It was this type of interrogation that led me to join the doctoral program at UMass where I was one of five students admitted into the History track of the program’s second class. It was here where I developed a wider understanding of Black Studies’ history and learned how the UMass program was uniquely connected to Black movement history. In fact, it seemed as if the department’s founding faculty rode into academia on a wave of campus revolts, the freedom movement in the South, and several militant organizations that took hold in cities across the country in the era of Black Power. The department’s first acting head, Michael Thelwell, was a close confidant of Kwame Ture (Stokely Carmichael) and a founding member of the Student Nonviolent Coordinating Committee (SNCC) at Howard University. As a student at Bennett College, where she now serves as provost, Esther Terry participated in the sit-in movement in Greensboro, North Carolina and was instrumental in the founding of SNCC. Ernest Allen, Jr. was active in the Revolutionary Action Movement (RAM) and became a leading historian on Black nationalism; William Strickland was Malcom X’s biographer and a founding member, along with Vincent Harding, of the Atlanta-based Institute of the Black World (IBW)—a grassroots organization committed to bringing Black studies into Black communities.

Of John Bracey, he arrived to UMass in 1972 by way of Howard University in Washington, D.C. and Chicago where he attended both Roosevelt University and Northwestern University. At Roosevelt, Bracey came under the influence of the linguist Lorenzo Turner, Charles Hamilton, coauthor of Black Power (1967), August Meier, an historian of Black intellectual history, and, most significantly, St. Clair Drake, a trailblazer in urban sociology and a pioneering figure in both African and African American studies. At Northwestern, Bracey became involved in the Black studies movement along with the likes of James Turner, Christopher Reed, and Darlene Clark Hine, all leading figures in the field of Black Studies today.

As with most of the founding faculty of the Du Bois Department, Bracey was active in the civil rights, Black liberation, and peace movements, working with the Congress of Racial Equality (CORE), Chicago Friends of SNCC, Students for a Democratic Society (SDS), and RAM. Bracey often recalled how his arrival to UMass was the result of a request from Du Bois himself to hire the executor of his estate, the historian, Communist, and author of American Negro Slave Revolt (1943), Herbert Aptheker, as a condition of acquiring his personal papers. Meeting resistance from the Massachusetts legislature, Aptheker advised Thelwell to request five new faculty lines for the department in his place, one of which became Bracey’s position.(3) More than underscoring the curious intersection of Cold War politics and Black studies, this story of Bracey’s joining UMass points to the insistence of the department’s founding faculty to protect their autonomy in building a program that would advance Black scholarship and mobilize knowledge for the liberation of Black peoples and all other exploited groups worldwide.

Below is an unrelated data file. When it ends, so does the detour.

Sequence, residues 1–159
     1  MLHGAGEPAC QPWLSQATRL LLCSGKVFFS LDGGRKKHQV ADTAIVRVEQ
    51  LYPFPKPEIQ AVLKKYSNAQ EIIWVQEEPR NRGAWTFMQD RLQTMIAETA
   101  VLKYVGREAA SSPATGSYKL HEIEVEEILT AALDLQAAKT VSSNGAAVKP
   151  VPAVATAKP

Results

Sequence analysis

In the long years after the battle over Black studies had been won and new questions arose as to theory, methodology, and the place of the discipline in relation to larger Black community, Bracey was instrumental in moving the Du Bois Department forward by bringing in a host of brilliant faculty who were at the forefront of charting new directions in the field of Black studies. Over the course of a career that spanned more than a half century, Bracey established himself as a giant in Black studies and a veritable institution within himself. A lifetime member of the Association for the Study of African American Life and History (ASALH), National Council of Black Studies (NCBS), and the Organization of American Historians (OAH) Bracey’s significance and presence were felt across the profession. As a scholar with an enormous range of interests and competencies, he resists simple definition.  He wrote several award-winning works on Black life and history, and produced the kind of documentary and bibliographic research that gave textual substance to Black studies; all of this he made accessible to scholars, teachers, and students.  

Bracey was also a consummate collaborator, working with such prominent thinkers as Sharon Harley, August Meier, James Smethurst Manisha Sinha, Sonia Sanchez, and Elliott Rudwick, to name just a few. While much of his writing and research focused on Black social and cultural history, radical ideologies and movements, and the history of Black women, he also produced comparative and transnational histories, which explored, for example, relations between African Americans and Native Americans, Afro-Latinx, and Jewish Americans. This includes several co-edited volumes, such as Black Nationalism in America (1970); the award-winning African American Women and the Vote: 1837-1965 (1997); Strangers and Neighbors: Relations between Blacks and Jews in the United States (1999); and African American Mosaic: A Documentary History from the Slave Trade to the Twenty-First Century (2004). From an award-winning essay on the musician John Coltrane in the Massachusetts Review in 2016 to his contribution to the Furious Flower poetry anthology in 2019, even Bracey’s final works stand as testaments to his interdisciplinary imagination, creative spirit, and genuine love for Black people.